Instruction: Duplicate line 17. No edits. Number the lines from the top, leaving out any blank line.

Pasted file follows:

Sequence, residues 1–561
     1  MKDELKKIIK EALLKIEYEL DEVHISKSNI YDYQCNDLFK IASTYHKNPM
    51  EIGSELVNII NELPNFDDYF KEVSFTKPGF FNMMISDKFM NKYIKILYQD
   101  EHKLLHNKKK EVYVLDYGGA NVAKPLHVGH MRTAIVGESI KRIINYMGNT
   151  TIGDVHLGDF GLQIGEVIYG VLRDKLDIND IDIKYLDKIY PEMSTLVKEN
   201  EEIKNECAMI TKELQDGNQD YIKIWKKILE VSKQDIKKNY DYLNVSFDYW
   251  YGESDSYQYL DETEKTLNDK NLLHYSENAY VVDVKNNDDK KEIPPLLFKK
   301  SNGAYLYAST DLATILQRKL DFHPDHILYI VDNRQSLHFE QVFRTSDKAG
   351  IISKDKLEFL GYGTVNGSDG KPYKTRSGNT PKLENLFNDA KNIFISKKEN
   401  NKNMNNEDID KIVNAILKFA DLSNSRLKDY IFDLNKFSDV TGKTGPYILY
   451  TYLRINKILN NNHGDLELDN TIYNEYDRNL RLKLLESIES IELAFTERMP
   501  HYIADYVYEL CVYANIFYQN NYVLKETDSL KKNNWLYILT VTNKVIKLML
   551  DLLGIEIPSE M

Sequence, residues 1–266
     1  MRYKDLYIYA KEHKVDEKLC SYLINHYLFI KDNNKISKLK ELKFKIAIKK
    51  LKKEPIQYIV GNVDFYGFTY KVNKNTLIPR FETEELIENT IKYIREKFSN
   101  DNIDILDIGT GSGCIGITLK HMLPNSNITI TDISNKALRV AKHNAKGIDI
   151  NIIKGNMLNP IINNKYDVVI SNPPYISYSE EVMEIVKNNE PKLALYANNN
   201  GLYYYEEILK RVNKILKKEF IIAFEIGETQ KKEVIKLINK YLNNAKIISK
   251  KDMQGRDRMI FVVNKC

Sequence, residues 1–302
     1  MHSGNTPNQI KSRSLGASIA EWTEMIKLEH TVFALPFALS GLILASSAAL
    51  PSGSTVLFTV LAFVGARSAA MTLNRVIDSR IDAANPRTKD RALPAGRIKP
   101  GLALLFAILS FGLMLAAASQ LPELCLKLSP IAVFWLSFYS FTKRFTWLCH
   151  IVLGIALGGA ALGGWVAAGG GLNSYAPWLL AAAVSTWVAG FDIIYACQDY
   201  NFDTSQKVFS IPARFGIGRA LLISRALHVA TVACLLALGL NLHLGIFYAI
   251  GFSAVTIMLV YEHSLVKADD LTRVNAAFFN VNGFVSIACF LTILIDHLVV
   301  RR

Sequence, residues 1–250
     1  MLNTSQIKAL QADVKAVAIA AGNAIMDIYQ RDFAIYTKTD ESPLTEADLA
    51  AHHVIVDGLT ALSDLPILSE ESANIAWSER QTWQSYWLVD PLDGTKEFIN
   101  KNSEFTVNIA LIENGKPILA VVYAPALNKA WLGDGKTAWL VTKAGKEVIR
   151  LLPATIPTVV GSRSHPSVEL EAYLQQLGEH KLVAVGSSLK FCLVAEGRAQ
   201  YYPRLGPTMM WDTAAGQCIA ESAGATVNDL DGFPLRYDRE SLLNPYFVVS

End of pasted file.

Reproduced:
   101  DNIDILDIGT GSGCIGITLK HMLPNSNITI TDISNKALRV AKHNAKGIDI